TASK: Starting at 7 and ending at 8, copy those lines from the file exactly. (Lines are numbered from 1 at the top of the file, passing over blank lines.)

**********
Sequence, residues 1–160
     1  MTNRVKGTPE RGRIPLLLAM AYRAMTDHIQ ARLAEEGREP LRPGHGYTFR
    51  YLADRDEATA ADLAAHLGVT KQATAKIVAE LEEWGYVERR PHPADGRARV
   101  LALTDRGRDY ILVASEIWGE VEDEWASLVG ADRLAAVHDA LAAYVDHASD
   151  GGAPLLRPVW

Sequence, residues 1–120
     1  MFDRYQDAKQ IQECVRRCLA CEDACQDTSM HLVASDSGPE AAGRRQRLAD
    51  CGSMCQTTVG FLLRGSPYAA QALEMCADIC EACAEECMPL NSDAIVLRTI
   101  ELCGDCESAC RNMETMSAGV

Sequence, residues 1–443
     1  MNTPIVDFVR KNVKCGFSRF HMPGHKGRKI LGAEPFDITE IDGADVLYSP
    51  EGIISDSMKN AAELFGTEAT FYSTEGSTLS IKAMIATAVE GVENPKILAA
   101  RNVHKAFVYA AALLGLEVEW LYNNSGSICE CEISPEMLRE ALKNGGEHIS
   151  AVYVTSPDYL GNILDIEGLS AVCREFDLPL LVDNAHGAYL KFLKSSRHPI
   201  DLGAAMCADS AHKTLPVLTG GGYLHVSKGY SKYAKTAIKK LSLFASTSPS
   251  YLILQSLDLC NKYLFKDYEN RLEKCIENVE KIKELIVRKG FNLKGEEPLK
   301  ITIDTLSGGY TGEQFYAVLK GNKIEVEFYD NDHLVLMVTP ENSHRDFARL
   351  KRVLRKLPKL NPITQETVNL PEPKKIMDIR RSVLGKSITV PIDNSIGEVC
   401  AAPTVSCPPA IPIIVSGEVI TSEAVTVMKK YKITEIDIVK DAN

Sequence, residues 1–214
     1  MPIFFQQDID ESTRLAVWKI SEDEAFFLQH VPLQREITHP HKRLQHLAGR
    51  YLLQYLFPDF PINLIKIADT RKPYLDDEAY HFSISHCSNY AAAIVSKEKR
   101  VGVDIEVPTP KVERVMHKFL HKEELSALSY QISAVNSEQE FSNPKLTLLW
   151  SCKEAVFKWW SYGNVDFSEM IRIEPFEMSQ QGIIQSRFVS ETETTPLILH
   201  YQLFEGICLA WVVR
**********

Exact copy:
     1  MFDRYQDAKQ IQECVRRCLA CEDACQDTSM HLVASDSGPE AAGRRQRLAD
    51  CGSMCQTTVG FLLRGSPYAA QALEMCADIC EACAEECMPL NSDAIVLRTI